An article in the New York Times explores whether parents should allow their children to participate in extreme sports, and it’s a fairly nuanced look from a publication that doesn’t devote a whole lot of ink to what’s a big part of our lifestyle in the West.
It’s common in Idaho for kids to ski, snowboard, mountain bike, kayak and more, and some of them tackle the most challenging terrain, jumps and big whitewater at tender ages. Is that something parents should allow?
It’s an interesting question because in an era when children’s lives are often hyper managed, and safety seems to be the priority for play time, there are benefits to so-called risky behavior, as one researcher pointed out.
Being kids in the 1970s, we rode bikes and skateboards without helmets, crashed, went to emergency rooms with broken bones, lacerations and occasional concussions. I wouldn’t recommend it for kids today, but I will say you quickly learn the lines you don’t want to cross and what the penalty for error is, and we adjusted accordingly. I went on to race motorcycles as a pre-teenager, and I can honestly say the lessons I learned about how to compete under pressure and overcome fear have stuck with me throughout my life.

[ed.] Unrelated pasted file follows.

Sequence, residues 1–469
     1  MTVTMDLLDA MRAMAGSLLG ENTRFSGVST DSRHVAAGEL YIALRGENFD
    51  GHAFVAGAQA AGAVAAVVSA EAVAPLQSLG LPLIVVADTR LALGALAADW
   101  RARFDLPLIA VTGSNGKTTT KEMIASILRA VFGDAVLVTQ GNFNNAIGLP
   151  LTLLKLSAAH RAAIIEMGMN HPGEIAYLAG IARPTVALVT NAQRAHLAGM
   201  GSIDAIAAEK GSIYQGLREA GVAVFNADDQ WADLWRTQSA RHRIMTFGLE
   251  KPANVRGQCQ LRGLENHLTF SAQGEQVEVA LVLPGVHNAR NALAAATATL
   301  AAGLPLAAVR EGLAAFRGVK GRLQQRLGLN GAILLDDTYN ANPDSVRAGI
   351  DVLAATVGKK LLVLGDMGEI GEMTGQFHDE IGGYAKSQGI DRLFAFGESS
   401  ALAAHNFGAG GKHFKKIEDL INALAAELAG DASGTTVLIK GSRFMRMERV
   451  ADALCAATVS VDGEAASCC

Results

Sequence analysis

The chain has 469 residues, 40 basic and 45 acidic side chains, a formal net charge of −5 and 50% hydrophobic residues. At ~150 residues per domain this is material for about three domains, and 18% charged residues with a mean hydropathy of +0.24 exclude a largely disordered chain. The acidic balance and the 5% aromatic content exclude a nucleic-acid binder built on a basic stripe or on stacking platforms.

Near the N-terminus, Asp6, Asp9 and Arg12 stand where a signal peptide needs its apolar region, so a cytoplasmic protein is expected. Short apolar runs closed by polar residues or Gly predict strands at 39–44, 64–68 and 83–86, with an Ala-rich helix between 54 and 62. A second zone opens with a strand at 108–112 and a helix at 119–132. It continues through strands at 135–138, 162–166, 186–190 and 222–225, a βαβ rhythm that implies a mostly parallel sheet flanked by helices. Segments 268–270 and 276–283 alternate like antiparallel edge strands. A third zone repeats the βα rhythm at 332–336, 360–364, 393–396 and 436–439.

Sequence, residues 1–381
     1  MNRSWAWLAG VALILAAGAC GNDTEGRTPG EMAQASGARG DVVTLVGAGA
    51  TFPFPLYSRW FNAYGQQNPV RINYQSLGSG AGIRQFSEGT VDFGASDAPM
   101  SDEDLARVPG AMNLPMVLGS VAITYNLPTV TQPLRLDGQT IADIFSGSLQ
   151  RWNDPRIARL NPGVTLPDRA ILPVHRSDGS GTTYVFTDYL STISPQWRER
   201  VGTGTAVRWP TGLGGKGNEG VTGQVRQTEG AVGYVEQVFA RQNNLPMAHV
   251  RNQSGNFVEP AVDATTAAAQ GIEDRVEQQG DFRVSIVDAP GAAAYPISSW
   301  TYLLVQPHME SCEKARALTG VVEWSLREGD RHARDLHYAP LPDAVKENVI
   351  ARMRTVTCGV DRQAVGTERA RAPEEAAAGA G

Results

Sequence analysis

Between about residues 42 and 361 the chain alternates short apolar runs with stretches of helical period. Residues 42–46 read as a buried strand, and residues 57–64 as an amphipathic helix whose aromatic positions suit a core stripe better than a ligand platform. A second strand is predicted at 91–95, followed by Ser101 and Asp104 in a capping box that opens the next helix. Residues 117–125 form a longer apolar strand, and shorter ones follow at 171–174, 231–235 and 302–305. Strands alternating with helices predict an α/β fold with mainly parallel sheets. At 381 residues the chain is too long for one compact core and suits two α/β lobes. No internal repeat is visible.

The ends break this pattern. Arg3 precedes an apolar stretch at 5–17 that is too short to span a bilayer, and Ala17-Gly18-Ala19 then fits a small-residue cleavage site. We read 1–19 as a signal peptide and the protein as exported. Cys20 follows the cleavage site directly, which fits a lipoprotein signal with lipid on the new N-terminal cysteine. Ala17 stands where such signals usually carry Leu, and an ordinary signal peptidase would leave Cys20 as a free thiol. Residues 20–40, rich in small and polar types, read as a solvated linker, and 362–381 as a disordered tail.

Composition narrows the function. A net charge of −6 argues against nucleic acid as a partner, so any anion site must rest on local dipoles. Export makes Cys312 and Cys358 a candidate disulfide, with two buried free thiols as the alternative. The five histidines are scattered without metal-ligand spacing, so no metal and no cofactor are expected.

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In the end, I think it’s important that kids have the opportunity to take risks, experience an adrenaline rush and occasionally bite the dust, brush themselves off and figure out what went wrong. Every parent has his or her tolerance for how much risk they should allow their kids to take, but not taking any is a greater loss than a scraped elbow or a nose bleed.